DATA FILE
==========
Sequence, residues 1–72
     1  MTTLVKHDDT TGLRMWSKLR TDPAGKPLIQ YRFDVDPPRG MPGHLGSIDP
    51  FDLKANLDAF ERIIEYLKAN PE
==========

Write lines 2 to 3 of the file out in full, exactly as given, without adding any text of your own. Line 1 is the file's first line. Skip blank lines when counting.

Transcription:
     1  MTTLVKHDDT TGLRMWSKLR TDPAGKPLIQ YRFDVDPPRG MPGHLGSIDP
    51  FDLKANLDAF ERIIEYLKAN PE